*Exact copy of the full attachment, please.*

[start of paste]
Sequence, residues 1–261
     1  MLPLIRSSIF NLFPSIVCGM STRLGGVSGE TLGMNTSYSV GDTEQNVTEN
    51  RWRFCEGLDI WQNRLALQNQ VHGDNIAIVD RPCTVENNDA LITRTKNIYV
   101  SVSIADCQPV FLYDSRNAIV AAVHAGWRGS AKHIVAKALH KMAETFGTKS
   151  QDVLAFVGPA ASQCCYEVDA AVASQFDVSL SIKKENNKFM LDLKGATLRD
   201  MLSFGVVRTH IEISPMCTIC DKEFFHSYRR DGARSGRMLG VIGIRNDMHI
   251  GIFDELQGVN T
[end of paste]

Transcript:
Sequence, residues 1–261
     1  MLPLIRSSIF NLFPSIVCGM STRLGGVSGE TLGMNTSYSV GDTEQNVTEN
    51  RWRFCEGLDI WQNRLALQNQ VHGDNIAIVD RPCTVENNDA LITRTKNIYV
   101  SVSIADCQPV FLYDSRNAIV AAVHAGWRGS AKHIVAKALH KMAETFGTKS
   151  QDVLAFVGPA ASQCCYEVDA AVASQFDVSL SIKKENNKFM LDLKGATLRD
   201  MLSFGVVRTH IEISPMCTIC DKEFFHSYRR DGARSGRMLG VIGIRNDMHI
   251  GIFDELQGVN T